With the gazettement of the Industrial Relations (Amendment) Act 2020 (the “Amendment Act”) on 20 February 2020 and its partial coming into force on 1 January 2021, we now see a change in procedures relevant to representations for unfair dismissal claims at the Industrial Court (“IC”). The savings provision in the Amendment Act states that all unfair dismissal representations and proceedings filed before the coming into force of the Amendment Act will not be affected by its changes.
What do you, as an employer / employee, need to know in relation to the changes under the Amendment Act?
We set out below KEY-TAKEAWAYS on changes to the unfair dismissal representations and procedures
- The Removal of the Minister “Filter” In The Reference of Unfair Dismissal Claims to the IC
– Prior to this, the Minister of Human Resources had the discretion to refer unfair dismissal complaints to the IC and refuse to do so where he was of the view that the same was frivolous. However, the same no longer applies. With the Amendment Act, all unfair dismissal complaints from 1 January 2021 will be automatically referred by the Director General of Industrial Relations (“Director General”) to the IC where no settlement is reached during the conciliation process. It appears now that ALL unfair dismissal complaints are subject to be tried by the IC if a settlement is not reached. This could mean an influx of cases at the IC, whether frivolous or not.
- Claimant’s Death is NO Bar to the IC Proceedings
– Previously, unfair dismissal claims were found to be personal actions, where the death of a Claimant employee would bring an end to his/her unfair dismissal proceedings. With the Amendment Act, the IC has the power to carry on with the hearing of the unfair dismissal claim despite the death of the Claimant. While the Amendment Act appears to now confer power on the IC to preserve a “dead man’s claim”, the main practical issue to this is the evidentiary element of having the testimony of the Claimant before the IC as the main witness in his own dismissal claim. It appears that even with the ability to continue proceedings despite the Claimant’s death, the reality of the same succeeding may see difficulty without his testimony.
- High Court Can Appoint a Guardian Ad Litem for a Mentally Disabled Employee
– The Amendment Act now allows an application to be made by the next-of-kin of a mentally disabled employee to the High Court to appoint a guardian ad-litem for the purpose of the unfair dismissal proceedings at the IC. Where the extent of such applications being allowed by the Court has yet to be seen, it appears that this process puts a third party guardian in the driver’s seat of unfair dismissal proceedings.
- The New Appeal Procedures Against an IC Decision
– Before the Amendment Act, any dissatisfaction towards the IC’s decision was subject to a judicial review application at the High Court. Now, for all claims from 1 January 2021 onwards, the Amendment Act provides that the same can be appealed to the High Court within 14 days from the date of grant of the award. The notable changes in this process are as follows :-
- Shorter time frame to lodge an appeal against the decision of the IC when under a judicial review application, an aggrieved party had 3 months do so.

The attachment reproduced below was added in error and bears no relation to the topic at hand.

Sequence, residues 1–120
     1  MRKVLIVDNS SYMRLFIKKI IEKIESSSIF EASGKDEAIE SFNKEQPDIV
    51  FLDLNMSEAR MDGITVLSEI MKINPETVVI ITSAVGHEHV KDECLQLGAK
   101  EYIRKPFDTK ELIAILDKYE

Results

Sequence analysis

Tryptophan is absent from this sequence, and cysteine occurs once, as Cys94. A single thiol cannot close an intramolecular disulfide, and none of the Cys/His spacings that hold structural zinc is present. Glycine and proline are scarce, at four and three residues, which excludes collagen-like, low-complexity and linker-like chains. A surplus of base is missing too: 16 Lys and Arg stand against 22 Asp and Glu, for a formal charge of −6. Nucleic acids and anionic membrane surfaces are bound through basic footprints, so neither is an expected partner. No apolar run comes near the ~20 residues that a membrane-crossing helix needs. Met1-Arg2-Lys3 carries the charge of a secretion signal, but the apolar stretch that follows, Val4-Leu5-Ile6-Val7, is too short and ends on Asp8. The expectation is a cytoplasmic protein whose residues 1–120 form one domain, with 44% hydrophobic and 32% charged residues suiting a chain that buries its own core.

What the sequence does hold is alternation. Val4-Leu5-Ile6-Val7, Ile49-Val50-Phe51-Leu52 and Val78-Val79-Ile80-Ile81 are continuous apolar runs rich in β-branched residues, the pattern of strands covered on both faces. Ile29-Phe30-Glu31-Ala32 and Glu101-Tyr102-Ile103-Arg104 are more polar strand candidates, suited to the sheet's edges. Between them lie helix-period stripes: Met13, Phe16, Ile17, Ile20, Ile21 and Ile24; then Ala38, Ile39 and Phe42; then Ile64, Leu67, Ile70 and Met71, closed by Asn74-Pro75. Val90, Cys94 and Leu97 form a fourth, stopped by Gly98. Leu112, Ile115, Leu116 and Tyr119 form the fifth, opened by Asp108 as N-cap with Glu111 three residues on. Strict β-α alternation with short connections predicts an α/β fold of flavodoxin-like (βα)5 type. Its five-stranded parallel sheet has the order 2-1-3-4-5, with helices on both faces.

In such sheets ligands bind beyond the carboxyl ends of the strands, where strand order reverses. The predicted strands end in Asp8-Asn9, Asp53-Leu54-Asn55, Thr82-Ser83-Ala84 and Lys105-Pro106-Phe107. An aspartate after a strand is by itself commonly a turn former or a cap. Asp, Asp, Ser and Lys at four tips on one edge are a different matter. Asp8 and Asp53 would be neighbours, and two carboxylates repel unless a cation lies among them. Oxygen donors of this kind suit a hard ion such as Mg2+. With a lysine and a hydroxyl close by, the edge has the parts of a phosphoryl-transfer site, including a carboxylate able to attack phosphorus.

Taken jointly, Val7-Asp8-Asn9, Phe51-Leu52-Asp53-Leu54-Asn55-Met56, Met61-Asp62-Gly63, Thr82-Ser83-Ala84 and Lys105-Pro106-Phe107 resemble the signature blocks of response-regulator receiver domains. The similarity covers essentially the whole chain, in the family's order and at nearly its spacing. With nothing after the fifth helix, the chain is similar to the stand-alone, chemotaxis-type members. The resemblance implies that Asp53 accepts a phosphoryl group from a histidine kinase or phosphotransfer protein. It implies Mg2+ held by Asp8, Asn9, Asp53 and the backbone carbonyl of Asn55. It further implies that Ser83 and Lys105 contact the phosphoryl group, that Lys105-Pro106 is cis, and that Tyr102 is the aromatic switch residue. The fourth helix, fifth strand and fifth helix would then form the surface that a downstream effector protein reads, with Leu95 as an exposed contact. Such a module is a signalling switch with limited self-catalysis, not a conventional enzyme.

- No leave is required to appeal to the High Court against an IC decision (unlike a judicial review application) but you may need leave to appeal to the Court of Appeal depending on the value of the claim.
- Parties are deprived of the opportunity to appeal to the Federal Court where much of the employment law development and landscape in Malaysia has been handed down by the apex Court over the years.
- With an appeal being by way of a rehearing, parties may be allowed to adduce fresh evidence(if allowed by the High Court), where the judicial review process was more stringent in its requirements.
- While there is no express bar to judicial review applications being filed, it is likely that the High Court may not entertain the same where there exist new appeal procedures in place, and applicants may need to show they have exhausted all other measures before resorting to a judicial review application.
- The IC Can Now Award Compensation to the Claimant’s Next-Of-Kin
– Stemming from the ability to now proceed with unfair dismissal claims despite the Claimant’s death, the IC is now able to award back wages or compensation in lieu of, or both, to the next-of-kin of the deceased Claimant.
- Harsher Penalties Towards Employers : Imposition of Interest and Higher Fines
- The IC will now have the power to impose interest at the rate of up to 8% per annum to an award commencing from the 31st day of the award. Further, the penalty for non-compliance with an award has now been increased to a fine of up to RM50,000.00.
- Other Key-Takeaways :-
- Certain Employees of Statutory Bodies Entitled to Bring Unfair Dismissal Claims to the IC – Previously, unfair dismissal claims were not extended to government and statutory body employees. Now, the Amendment Act confers an entitlement to employees of statutory bodies under certain situations to bring such claims.
- Abolishment of Imprisonment for Strikes, picketing and lock-outs – The punishment of imprisonment for illegal picketing and strikes have been abolished. While this may showcase a step in the Malaysian industrial relations landscape in favour of the trade unions’ rights to freedom of speech and expression, the fine for such illegal acts have been increased from RM1,000.00 to RM5,000.00 which may counter-act against such intended change.